It’s 8.55am on a normal working day in the UK, and I’ve already had the privilege of sharing the gospel with around 250 people – some nominally Christian; others Muslim, Hindu, Sikh; still others – perhaps the majority – of no faith at all.
Before you accuse me of fantasising, let me reassure you that I’m describing a real event in an average town in England in 2019.
But let’s rewind a little before I explain.
A wonderful pre-Easter treat for me over the past few years has been to attend Word Alive – a Christian event held at a pretty unimpressive budget holiday park. Despite the venue, Word Alive is packed to the gunnels with rich Bible teaching, and – as you’d expect – an extensive exhibition of Christian work from the UK and across the world.
Now it’s easy to be non-committal walking through that exhibition – or to be attracted only by the stalls with jelly beans, virtual goggles or lego (particularly if you have an adult male in tow). But if you stop and speak to those running the stalls, you’ll begin to put together a bigger picture: encouragements from the Middle East and North Africa, revelations of how serving in areas of poverty has turned communities to Christ, or the charity which connected one child with Bible stories and now has over a million engaged.
And that refreshes my perspective enormously. It’s like being given a few jigsaw pieces which fit together, helping me to understand a fraction more of God’s outrageous grace. I’m excited by The Mission and led to worship our mission-hearted God more energetically than before.
Yet when I put the miles between me and that down-at-heel-but-very-much-blessed holiday site, it’s all too easy for my eyes to lower, and my perspective to change. That fired up feeling dissipates as I get back to ‘normality’. Just like the unfortunate pot plant I left on the windowsill when I went away, so my thriving joy starts to wilt outside the near-perfect conditions of a Christian convention.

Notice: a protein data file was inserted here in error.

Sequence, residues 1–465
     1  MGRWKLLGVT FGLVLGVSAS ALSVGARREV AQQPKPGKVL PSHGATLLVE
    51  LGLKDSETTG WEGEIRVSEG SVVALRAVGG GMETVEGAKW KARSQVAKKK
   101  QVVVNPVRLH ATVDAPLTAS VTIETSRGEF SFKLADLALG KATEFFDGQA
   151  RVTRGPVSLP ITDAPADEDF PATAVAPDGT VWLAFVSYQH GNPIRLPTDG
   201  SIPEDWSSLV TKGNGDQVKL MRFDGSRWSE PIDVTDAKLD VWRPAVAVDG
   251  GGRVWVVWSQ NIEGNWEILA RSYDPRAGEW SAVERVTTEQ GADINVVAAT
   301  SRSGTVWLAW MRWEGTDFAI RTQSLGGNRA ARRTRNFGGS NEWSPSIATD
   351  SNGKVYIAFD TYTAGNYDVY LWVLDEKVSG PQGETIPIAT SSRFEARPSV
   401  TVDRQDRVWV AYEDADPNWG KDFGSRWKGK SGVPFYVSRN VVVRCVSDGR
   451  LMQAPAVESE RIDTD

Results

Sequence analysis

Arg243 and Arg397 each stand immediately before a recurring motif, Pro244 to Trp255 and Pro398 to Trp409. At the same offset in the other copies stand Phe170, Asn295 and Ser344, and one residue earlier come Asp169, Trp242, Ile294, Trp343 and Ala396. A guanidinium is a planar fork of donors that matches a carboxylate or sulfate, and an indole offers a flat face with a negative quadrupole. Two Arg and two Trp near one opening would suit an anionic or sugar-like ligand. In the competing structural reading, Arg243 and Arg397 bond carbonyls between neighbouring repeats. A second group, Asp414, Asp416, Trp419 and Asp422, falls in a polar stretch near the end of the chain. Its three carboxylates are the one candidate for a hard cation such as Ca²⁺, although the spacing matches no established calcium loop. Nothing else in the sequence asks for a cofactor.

I need daily encounters with our missional God to align my eyes with his, to share his longing for the world he loves
My return from Word Alive this year coincided with the screening of another brilliant BBC natural history programme Earth from Space – episode one appropriately entitled ‘A New Perspective’. The script at the top of the programme is uncannily evangelistic: ‘At a time when the earth’s surface is changing faster than at any point in human history, we can see just what impact we’re having.’ What a great intro for a mission report!
But the serious challenge is how I assess the impact of the little jigsaw piece I hold. It may seem a bit nondescript compared with the ‘Capital M for Mission’ ones I enthused over at Word Alive, but I do have one. And it’s very, very precious.
Can I be really honest? I need daily encounters with our missional God to align my eyes with his, to share his longing for the world he loves. And to recognise that I’ve been entrusted with a jigsaw piece which is essential to completing the big picture. My little piece has a purpose – and so does yours. If we view them from the right angle, the perspective changes everything.
It’s easy to think big in mission and to miss the tailored ‘my size’ opportunities which God designs for us. I need to be content with my little piece, and be thrilled knowing that only I can fulfil God’s purpose in my unique circumstances.
So. My piece of the jigsaw? An incredible privilege I have is to work in a school where it’s still possible to speak faithfully about our wonderful God and meet with no objection. At 8.55am on a Friday, I can look back over a week when I’ve led assemblies for around 1500 students and teachers, consider the inestimable value of my piece of the jigsaw, and thank God for the opportunity to handle it accountably.
And that’s a stimulus to prayer and to action.
It commits me to asking God every day to preserve that opportunity, to keep me conscious of his eternal perspective and recognise my serving place in the world as significant.
And in the words of the BBC, ‘[I] can tell [my] story of life on earth from a brand new perspective…’